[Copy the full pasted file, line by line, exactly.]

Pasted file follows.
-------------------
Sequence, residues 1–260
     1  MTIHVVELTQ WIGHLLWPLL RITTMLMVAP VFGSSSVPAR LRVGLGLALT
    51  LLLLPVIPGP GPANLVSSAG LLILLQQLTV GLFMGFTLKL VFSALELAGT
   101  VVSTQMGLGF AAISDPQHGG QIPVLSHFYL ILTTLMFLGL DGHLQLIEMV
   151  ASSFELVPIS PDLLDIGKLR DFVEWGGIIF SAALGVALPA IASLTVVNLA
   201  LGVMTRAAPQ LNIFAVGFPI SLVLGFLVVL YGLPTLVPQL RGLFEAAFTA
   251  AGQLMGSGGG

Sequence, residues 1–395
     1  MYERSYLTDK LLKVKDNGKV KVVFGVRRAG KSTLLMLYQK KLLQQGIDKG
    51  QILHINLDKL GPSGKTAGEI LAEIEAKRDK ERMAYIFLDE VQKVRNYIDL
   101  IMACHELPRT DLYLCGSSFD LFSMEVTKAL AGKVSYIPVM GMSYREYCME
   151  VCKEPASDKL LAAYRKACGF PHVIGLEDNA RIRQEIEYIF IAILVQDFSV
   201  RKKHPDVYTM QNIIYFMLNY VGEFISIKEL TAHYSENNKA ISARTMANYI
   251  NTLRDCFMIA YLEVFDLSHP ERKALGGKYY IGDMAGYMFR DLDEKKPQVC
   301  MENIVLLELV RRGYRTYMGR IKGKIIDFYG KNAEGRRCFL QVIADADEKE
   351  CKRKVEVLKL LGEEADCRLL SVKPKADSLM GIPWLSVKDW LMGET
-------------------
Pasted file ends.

Sequence, residues 1–260
     1  MTIHVVELTQ WIGHLLWPLL RITTMLMVAP VFGSSSVPAR LRVGLGLALT
    51  LLLLPVIPGP GPANLVSSAG LLILLQQLTV GLFMGFTLKL VFSALELAGT
   101  VVSTQMGLGF AAISDPQHGG QIPVLSHFYL ILTTLMFLGL DGHLQLIEMV
   151  ASSFELVPIS PDLLDIGKLR DFVEWGGIIF SAALGVALPA IASLTVVNLA
   201  LGVMTRAAPQ LNIFAVGFPI SLVLGFLVVL YGLPTLVPQL RGLFEAAFTA
   251  AGQLMGSGGG

Sequence, residues 1–395
     1  MYERSYLTDK LLKVKDNGKV KVVFGVRRAG KSTLLMLYQK KLLQQGIDKG
    51  QILHINLDKL GPSGKTAGEI LAEIEAKRDK ERMAYIFLDE VQKVRNYIDL
   101  IMACHELPRT DLYLCGSSFD LFSMEVTKAL AGKVSYIPVM GMSYREYCME
   151  VCKEPASDKL LAAYRKACGF PHVIGLEDNA RIRQEIEYIF IAILVQDFSV
   201  RKKHPDVYTM QNIIYFMLNY VGEFISIKEL TAHYSENNKA ISARTMANYI
   251  NTLRDCFMIA YLEVFDLSHP ERKALGGKYY IGDMAGYMFR DLDEKKPQVC
   301  MENIVLLELV RRGYRTYMGR IKGKIIDFYG KNAEGRRCFL QVIADADEKE
   351  CKRKVEVLKL LGEEADCRLL SVKPKADSLM GIPWLSVKDW LMGET